Apr 29, 2016 - Tomasz Maczukin  

An inside look at the infrastructure of GitLab.com

In this post, you'll find out just how many servers we use. You'll gain some perspective on what those servers are up to.

A number of people have asked about the infrastructure of GitLab.com. Our passionate and curious Twitter followers inquired specifically about how many servers we use for GitLab.com. Given the number of questions we've gotten on this topic, we wanted to go ahead and offer an inside look at our GitLab.com infrastructure. In this post, you'll find out just how many servers we use. You'll gain some perspective on what those servers are up to.


For running GitLab.com as an application we have:

  • 5 HAProxy load balancers that are handling GitLab.com HTTP, HTTPS, and SSH
  • 2 HAProxy load balancers that are handling "alternative SSH" (altssh.GitLab.com) so they do redirection from 443 to 22
  • 2 HAProxy load balancers that are handling https://pages.gitlab.io HTTP and HTTPS
  • 20 workers running GitLab EE application stack (Nginx, Workhorse, Unicorn + Rails, Redis + Sidekiq)
  • 2 NFS servers for the storage
  • 2 Redis servers
  • 2 PostgreSQL servers
  • 3 Elasticsearch servers

Those are servers that we manage directly. With that, the server count is at 38.


We also use 6 of Azure's "Availability Sets": 3 for load balancers, 1 for Redis HA, 1 for PostgreSQL HA, and 1 for Elasticsearch HA. Each of these Availability Sets has its own "internal" load balancer that is managing the HA traffic. If we count them as a GitLab.com servers, then we need to add 6 servers (now, the count is 44).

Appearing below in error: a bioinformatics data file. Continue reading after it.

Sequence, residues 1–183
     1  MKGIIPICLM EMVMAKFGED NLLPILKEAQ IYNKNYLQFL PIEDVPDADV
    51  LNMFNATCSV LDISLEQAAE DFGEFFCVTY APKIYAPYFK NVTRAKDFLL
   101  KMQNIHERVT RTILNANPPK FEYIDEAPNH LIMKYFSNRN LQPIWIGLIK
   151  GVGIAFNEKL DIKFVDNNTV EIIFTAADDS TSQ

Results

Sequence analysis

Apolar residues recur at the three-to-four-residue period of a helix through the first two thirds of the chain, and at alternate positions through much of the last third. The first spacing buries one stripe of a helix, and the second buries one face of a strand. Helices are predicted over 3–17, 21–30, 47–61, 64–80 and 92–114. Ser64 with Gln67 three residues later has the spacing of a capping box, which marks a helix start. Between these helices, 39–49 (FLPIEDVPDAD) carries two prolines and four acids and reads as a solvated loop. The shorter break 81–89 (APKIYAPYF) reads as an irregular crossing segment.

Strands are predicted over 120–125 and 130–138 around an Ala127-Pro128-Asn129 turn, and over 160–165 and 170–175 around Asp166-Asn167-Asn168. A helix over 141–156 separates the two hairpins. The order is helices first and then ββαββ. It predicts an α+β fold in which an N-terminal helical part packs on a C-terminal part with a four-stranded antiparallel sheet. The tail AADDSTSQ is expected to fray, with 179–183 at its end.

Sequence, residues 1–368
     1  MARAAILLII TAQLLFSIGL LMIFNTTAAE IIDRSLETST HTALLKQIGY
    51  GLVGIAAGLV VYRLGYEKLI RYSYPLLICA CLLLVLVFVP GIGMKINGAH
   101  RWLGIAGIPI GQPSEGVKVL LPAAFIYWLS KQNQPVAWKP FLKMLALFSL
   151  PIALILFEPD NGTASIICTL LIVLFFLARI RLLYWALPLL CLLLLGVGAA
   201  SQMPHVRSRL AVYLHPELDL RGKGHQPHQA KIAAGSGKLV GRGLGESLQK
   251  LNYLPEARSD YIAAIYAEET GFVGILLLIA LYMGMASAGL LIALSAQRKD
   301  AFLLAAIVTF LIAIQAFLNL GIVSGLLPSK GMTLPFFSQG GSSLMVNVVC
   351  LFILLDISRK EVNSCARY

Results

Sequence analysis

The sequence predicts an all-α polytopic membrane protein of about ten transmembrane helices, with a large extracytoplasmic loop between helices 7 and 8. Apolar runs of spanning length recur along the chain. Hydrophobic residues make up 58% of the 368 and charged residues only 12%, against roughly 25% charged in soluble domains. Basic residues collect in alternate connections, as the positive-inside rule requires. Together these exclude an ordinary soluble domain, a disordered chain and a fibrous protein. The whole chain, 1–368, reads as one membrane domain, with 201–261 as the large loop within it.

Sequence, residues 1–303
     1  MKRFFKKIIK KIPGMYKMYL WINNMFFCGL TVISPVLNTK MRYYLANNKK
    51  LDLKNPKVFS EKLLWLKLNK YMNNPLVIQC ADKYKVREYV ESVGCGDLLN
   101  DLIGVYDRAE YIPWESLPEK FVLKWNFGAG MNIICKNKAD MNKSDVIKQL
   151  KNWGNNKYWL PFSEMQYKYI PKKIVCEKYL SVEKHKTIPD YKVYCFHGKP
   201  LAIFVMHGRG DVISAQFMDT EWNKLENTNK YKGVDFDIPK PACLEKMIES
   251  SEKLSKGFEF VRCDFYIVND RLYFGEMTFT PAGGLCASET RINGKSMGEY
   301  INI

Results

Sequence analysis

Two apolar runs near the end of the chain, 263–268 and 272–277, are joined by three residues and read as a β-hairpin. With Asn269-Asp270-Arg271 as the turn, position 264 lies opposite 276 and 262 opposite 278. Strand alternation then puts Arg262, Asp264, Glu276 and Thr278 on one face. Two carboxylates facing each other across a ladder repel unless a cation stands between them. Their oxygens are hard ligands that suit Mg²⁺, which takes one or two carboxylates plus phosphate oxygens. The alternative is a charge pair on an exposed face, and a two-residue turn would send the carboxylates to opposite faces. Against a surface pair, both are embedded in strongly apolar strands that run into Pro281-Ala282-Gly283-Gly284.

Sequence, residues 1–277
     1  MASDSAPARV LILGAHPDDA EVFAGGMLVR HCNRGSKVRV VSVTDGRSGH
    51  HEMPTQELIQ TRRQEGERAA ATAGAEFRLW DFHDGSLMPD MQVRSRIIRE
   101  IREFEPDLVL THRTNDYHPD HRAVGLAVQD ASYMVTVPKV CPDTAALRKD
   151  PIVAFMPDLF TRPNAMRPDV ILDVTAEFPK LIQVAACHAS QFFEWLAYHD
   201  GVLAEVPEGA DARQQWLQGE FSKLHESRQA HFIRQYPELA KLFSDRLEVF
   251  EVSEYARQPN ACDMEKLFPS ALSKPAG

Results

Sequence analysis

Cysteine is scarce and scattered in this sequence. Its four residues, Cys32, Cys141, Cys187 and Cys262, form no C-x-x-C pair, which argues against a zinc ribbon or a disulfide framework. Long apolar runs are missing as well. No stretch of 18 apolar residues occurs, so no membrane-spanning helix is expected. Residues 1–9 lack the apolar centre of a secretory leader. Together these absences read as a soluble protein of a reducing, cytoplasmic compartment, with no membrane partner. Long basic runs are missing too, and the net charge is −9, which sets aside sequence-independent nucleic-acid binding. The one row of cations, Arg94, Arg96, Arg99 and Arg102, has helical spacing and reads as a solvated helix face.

We also have 3 servers for GitLab Runners in autoscale mode. Two of them are managing autoscaling of runners for GitLab CE/EE projects (so they are used only by GitLab and I will not count them). But the third is used to manage autoscaling for Shared Runners at GitLab.com. So +1 for the "Shared Runners manager."

We also have some servers that are specific for GitLab as a company (Runners for building Omnibus packages, etc.) but I wouldn't count that as a part of GitLab.com.

And at the end, we have 45 servers that are used to make GitLab.com a usable application for our users.

But wait, there's more

Ah! Don't forget about autoscaled Docker machines! Each user's builds are running on Docker hosts created "on demand" by the autoscaling mode of the Runner. Last week, I looked at a diagram of the machine utilization and it showed that we had:

  • minimum 12 machines running at once,
  • maximum 150 machines running at once,
  • an average of 54 machines running at once.

Because Shared Runners can be used by all GitLab.com users then I would count them as well!

Final count

So, the answer is, GitLab.com is currently running on 45 servers. However, if we also count the build hosts for Shared Runners, then GitLab.com is using 60 to 200 servers!

We appreciate the question and the curiosity. As always, keep the questions coming! You can also visit our Operations issue tracker for a live look at what the team is working on.

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